14th October 2006
I spent last Wednesday at the British Film Institute library, looking for contemporary reviews of the film "A Defeated People," produced by the Crown Film Unit, part of the British Ministry of Information, and directed by Humphrey Jennings, probably the greatest of all the British wartime documentary film makers. It was released to the public at the Tivoli cinema in London, on March 17th, 1946. (See my earlier post on Humphrey Jennings's film: A Defeated People).
At first I was disappointed, for all I could find was a brief reference in the BFI's 'Monthly Film Bulletin' for March 1946.
I then asked the librarian at the desk if they had any other journals with film reviews for 1946, and was amazed when she gave me a microfiche of the Ministry of Information's press cuttings file for the film. In all, there were copies of 14 reviews published when the film was first released, from most of the major Daily and Sunday newspapers, including The Times, Manchester Guardian, Daily Mail, Daily Express, News Chronicle, Daily Telegraph, Daily Worker, Sunday Dispatch, Sunday Times, Sunday Express and Reynolds News.
Most of the reviewers were agreed that, in a week in which there was a shortage of good new feature films: "it is left to documentaries again to bring weight and dignity to the week's screen" (News Chronicle) and the "most important film of the week is A DEFEATED PEOPLE" (Daily Worker).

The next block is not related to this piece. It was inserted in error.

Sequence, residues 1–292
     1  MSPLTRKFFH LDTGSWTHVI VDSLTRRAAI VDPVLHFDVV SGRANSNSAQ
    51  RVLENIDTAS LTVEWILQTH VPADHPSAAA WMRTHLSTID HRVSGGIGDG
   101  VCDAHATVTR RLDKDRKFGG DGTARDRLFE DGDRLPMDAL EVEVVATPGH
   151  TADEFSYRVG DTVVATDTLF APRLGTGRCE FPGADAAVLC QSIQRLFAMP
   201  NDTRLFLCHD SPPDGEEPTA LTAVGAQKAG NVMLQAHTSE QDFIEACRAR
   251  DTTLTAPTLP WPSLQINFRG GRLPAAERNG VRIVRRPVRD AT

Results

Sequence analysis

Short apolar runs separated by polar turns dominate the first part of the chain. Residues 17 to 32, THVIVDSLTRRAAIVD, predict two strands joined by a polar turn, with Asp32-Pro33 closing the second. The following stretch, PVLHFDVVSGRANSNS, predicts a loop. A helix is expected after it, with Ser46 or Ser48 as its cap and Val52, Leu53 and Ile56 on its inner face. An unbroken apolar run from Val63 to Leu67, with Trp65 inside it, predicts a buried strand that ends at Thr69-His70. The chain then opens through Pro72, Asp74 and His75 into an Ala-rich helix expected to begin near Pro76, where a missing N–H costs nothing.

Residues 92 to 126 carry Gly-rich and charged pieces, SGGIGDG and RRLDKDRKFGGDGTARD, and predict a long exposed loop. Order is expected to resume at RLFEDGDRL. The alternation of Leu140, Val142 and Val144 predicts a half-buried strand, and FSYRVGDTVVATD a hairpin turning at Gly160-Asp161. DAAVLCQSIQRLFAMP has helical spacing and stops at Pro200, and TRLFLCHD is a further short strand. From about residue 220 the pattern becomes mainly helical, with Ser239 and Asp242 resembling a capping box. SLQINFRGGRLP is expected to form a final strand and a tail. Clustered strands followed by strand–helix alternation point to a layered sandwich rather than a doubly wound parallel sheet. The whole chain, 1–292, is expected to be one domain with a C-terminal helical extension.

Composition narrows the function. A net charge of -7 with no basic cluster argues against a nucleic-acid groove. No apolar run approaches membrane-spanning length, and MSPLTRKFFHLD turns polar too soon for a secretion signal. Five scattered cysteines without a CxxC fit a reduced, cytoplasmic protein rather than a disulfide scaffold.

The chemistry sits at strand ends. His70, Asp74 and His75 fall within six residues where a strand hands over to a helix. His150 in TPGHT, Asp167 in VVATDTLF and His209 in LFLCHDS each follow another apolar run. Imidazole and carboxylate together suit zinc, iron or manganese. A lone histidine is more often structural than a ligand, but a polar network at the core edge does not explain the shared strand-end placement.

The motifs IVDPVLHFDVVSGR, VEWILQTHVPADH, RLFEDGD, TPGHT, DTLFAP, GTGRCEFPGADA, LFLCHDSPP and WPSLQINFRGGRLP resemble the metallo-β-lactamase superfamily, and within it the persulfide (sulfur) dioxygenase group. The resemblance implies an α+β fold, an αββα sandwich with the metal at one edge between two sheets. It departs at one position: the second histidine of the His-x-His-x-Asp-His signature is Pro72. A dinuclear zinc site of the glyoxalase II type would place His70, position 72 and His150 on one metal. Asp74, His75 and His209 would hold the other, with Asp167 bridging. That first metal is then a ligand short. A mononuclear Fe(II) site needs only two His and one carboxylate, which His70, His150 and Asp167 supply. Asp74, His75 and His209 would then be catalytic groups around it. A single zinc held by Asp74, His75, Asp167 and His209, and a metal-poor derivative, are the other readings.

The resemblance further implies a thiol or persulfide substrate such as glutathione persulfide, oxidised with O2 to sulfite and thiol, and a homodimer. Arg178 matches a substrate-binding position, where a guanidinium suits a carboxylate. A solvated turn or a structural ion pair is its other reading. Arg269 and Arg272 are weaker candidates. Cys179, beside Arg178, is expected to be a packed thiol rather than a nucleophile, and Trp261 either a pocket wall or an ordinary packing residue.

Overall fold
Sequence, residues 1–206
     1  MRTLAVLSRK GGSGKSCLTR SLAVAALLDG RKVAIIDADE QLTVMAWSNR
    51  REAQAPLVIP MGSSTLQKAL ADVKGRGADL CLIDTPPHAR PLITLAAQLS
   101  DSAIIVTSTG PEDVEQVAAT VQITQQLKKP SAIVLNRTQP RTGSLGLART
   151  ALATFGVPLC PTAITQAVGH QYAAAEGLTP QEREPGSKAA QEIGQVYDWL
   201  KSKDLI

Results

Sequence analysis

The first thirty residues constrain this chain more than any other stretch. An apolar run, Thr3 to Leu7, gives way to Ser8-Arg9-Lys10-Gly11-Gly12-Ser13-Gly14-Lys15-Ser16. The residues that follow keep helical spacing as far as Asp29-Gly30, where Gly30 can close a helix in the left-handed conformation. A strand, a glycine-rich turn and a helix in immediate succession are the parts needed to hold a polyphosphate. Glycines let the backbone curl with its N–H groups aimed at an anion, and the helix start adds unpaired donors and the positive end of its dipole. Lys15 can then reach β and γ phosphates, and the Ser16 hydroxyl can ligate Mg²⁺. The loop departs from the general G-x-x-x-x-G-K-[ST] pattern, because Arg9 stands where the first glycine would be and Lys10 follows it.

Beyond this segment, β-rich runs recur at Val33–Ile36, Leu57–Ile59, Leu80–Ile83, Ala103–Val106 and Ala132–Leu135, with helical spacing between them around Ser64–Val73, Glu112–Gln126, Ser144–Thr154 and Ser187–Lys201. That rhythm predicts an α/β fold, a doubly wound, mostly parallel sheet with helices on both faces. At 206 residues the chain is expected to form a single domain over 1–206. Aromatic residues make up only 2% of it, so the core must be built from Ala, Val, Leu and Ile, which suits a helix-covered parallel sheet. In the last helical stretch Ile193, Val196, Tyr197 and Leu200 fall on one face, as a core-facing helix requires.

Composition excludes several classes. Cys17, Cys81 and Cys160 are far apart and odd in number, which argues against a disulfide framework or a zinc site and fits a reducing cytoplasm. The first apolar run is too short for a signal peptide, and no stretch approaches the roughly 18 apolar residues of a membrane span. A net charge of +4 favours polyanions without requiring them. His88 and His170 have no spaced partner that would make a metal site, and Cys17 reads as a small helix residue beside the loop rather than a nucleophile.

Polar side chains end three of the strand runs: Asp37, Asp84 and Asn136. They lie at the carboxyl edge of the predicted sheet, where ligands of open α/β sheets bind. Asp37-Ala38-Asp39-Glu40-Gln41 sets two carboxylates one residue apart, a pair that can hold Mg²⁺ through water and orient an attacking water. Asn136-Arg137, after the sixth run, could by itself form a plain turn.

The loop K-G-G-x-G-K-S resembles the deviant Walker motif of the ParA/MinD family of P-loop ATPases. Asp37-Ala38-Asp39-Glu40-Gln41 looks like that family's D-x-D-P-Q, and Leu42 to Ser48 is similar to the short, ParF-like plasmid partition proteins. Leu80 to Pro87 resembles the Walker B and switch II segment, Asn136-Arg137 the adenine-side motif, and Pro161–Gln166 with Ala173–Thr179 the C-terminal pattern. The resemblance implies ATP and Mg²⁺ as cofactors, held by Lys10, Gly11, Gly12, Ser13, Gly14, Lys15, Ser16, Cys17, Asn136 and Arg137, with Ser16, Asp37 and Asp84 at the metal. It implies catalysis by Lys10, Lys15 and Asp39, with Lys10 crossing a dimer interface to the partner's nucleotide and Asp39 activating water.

The headline for the Reynolds News weekly film review column, by Joan Lester, was "A Documentary Film You Must See", and the News Chronicle said "It is a film we have all been waiting to see."
Here are some more extracts from the reviews:
"A DEFEATED PEOPLE, made by Humphrey Jennings for the Crown Film Unit, gives a picture of life in the British Zone of Germany all the more impressive for its restraint. The tone is agreeably free from gloating, and it would need a much more vindictive race than ours to see without sympathy women cooking amid the ruins and crowds studying huge boards covered with the names of missing persons." (Daily Telegraph)
"A Defeated People" (Tivoli, Sunday): an honest attempt by the Crown Film Unit to report to the British cinegoer just exactly what is going on in Germany today. If the report had been three times grimmer it would be about accurate." (Daily Express)
"This is camera-journalism on a brilliant level. The queues - the search for missing relatives - the life in the cellars of Berlin - the rest of the film you and I might see or imagine for ourselves: but it takes an observer with a touch of real inspiration to catch so memorably the spirit of cunning arrogance there even in defeat." (Daily Mail)
"Most important film of the week is A DEFEATED PEOPLE (Tivoli, Sunday), a Crown Film Unit excursion to British-occupied Germany. It is a fine piece of screen-craft directed by Humphrey Jennings. But how the subject screams for a wider, deeper approach." (Daily Worker)
"Two documentary films on modern Germany are the week's best pictures, although both have been cut down to the bone. "A Defeated People" at the Tivoli to-day, is a fine example of British production in spite of having to prove its worth in 18 minutes." (Glasgow Herald)
"This film will stay in your mind and that is high praise of any film. Though it reeks of desolation and defeat it is infused with purpose. You will never obtain from any written or spoken narrative such an effect of empty misery and crushed aggressiveness, of a country so lost it is ripe for anything." (News Chronicle)
"Humphrey Jennings, Crown Film Unit director, has produced some gems in the short documentary field. A DEFEATED PEOPLE (Tivoli) must have been one of the most difficult films he has had to tackle. This deals with the vital and complex problems arising out of the economic, political and human tangle created by Nazism in defeat." (Reynolds News).